The next main stop was Stirling Castle where we had 2 hours to explore the castle and/or town. We chose to start with the castle and never ended up seeing the town – this was one of those moments where being in control of timing would have been desirable. The castle has lovely gardens and several interesting structures and exhibitions. The battlements and Wall Walk provided some of our best pictures. We were thoroughly happy with the decision to devote our available time to seeing every bit of the castle as possible.

Back in Edinburgh by 6:30 pm, we were struck by the idea to head to Calton Hill to make the most of the warm day. Tons of others had the same thought – there were dozens of youngsters and oldsters lounging on the grassy hillsides, climbing the gigantic steps of the unfinished Acropolis, and walking the paths. What a lovely, peaceful place – and the views of the city were fabulous.

We rested our legs at the flat and then chose Giuliano’s on Union Place for dinner. As others have mentioned, almost every restaurant seemed to have EU migrants as staff – in this case, every one of the 5 waitstaff we spoke to were Italian. Dinner was good with huge portions, dessert was okay, and so day 2 came to a close.
mirai is offline  
Jun 20th, 2017, 03:37 PM
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Day 3

We had made a booking before leaving Canada for an 11 am tour at Gilmerton Cove, so caught the bus for a 30-minute ride there. Only one other couple was present which was great – I do love small group tours. Gilmerton Cove is quietly fascinating. A series of hand-carved tunnels and chambers with detailed engravings on the walls, sleeping rooms, communal rooms, and more – historians and archaeologists are still working on figuring out exactly when they were built, and why, and how extensive they are. Some of the more recent (i.e., 18th century and later) uses to which the site was put were related – as a gambler’s den, a shelter for persecuted religious folk, and so on.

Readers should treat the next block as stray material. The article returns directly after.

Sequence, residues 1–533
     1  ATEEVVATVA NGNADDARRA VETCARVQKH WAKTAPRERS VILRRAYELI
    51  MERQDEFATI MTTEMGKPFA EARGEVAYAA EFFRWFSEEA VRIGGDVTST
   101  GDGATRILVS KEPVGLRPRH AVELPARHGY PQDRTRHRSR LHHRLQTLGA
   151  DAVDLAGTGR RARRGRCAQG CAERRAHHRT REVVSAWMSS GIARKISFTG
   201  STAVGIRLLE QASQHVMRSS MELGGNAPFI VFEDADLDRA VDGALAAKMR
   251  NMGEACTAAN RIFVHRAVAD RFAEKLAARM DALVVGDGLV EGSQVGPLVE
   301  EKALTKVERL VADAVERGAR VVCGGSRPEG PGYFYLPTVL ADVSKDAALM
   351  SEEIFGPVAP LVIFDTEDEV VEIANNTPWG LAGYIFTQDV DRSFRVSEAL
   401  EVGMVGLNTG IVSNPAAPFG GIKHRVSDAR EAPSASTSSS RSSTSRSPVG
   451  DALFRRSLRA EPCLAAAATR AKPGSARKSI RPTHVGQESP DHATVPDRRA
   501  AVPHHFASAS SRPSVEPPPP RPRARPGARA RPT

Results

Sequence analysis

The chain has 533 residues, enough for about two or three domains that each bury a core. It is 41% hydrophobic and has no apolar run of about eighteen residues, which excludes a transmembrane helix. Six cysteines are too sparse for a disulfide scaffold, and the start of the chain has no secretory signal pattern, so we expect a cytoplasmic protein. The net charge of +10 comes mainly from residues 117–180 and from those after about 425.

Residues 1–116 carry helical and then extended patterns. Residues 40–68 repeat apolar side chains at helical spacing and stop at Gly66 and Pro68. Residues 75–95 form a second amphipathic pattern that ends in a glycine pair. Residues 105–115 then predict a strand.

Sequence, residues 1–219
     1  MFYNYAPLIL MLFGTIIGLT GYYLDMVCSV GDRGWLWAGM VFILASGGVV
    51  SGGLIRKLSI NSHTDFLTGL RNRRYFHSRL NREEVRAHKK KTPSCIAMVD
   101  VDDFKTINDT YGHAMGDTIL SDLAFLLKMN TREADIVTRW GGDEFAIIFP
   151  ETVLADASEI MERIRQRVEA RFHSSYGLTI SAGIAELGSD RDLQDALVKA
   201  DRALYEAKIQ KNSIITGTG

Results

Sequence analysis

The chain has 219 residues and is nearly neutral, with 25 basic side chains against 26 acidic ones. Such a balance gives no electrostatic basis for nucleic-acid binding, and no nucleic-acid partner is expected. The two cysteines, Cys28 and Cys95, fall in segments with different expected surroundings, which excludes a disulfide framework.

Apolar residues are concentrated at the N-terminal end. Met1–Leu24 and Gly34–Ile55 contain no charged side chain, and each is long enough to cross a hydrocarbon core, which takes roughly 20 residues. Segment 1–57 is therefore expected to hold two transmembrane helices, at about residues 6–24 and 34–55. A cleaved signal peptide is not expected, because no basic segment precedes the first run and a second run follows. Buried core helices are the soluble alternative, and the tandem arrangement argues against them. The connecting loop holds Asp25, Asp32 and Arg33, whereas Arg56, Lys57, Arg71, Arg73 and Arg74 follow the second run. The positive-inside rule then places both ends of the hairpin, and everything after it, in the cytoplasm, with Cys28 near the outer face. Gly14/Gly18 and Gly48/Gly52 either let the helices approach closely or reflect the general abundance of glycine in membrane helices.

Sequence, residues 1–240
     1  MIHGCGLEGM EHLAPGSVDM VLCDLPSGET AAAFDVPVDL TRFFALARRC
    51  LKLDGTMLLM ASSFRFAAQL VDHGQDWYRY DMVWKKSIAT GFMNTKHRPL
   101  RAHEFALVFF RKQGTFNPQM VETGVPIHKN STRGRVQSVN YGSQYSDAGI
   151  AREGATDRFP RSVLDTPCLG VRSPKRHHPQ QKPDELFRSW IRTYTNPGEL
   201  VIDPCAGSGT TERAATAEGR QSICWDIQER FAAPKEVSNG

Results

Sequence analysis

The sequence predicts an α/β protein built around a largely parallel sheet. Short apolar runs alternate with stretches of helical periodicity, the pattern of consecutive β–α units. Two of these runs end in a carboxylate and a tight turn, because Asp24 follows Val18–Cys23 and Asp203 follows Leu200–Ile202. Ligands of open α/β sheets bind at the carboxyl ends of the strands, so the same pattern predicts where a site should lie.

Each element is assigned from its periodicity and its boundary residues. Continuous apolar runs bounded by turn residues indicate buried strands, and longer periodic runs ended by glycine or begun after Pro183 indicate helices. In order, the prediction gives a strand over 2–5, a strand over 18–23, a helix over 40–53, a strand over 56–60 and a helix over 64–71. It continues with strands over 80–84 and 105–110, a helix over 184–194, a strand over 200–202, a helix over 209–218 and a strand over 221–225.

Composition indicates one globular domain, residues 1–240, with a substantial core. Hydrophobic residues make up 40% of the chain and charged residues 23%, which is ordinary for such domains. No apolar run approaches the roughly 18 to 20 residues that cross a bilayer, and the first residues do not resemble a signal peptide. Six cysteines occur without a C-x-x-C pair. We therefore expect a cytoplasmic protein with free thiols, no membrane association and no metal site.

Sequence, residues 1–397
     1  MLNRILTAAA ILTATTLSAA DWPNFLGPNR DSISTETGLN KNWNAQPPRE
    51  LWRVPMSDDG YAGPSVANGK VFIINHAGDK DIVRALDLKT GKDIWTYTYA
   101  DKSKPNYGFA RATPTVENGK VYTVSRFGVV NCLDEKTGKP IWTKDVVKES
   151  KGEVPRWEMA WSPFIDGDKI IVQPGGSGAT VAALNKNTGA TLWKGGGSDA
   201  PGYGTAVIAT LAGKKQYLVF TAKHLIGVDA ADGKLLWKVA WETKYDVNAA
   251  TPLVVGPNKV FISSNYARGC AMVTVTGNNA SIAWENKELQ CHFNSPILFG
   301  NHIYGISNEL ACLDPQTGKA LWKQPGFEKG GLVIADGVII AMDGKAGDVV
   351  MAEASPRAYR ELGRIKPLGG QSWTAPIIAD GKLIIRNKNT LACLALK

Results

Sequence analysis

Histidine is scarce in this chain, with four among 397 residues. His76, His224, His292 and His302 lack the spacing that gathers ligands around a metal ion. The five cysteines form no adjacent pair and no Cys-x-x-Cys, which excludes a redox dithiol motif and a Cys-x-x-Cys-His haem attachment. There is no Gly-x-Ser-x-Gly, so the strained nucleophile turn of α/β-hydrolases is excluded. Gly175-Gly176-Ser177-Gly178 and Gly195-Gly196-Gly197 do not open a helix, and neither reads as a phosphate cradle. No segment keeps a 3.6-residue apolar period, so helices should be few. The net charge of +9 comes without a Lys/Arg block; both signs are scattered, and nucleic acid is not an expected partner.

The guide mentioned that if/when the true age and purpose of the caves are known, thee site may be declared protected and be made off-limits to visitors except for those who want to peer down from ground level through glass partitions. So glad we went when we could get up close and personal with everything. Note that you will be given a hard hat to wear and the flooring is uneven, sometimes wet, in places.

Once back in the city, with the delightfully warm temperatures, we decided we needed a hit of ice cream. We made our way to Mary’s Milk Bar, an ice cream shop in the Grassmarket area, that I had come across in my research before the trip. Well, the lineup snaking out Mary’s door and down the sidewalk didn’t lie. If you like gelato and milkshakes, then add this place to your must-visit list. Their flavours are unique and very good. I had the rose, the lemon-rosemary, and the chocolate orange – no, not all at once! Over 3 separate visits.

Sweet tooth satisfied, we explored the lovely winding streets of Grassmarket, and took several shots of the brightly painted shops.

Our next stop was Camera Obscura and the World of Illusions – a gallery of optical illusions. This is apparently Edinburgh’s oldest attraction, built in 1835, a mere 300-400 feet from the castle esplanade. Over 5 floors you will find all manner of intriguing images and things - photographs of people fully painted to look like lizards or flowers, holograms, a mirror maze, vortex tunnel, and at the very top, a dark room presentation of live shots of the city and pedestrians projected from the still-existing camera obscura. My brother and I agreed that this was one of the most unusual and enjoyable sites we’ve seen in our travels.

By this point, it was early in the evening. We were steps away from the Real Mary King’s Close, so we stepped inside to book ourselves onto a tour. To our dismay, we were told all tours were fully booked for the next 90 minutes. I was too tired to wait so I chose to head home while my brother made a booking for himself. He toured St Giles church and caught a choir practice until his Mary King booking time drew near.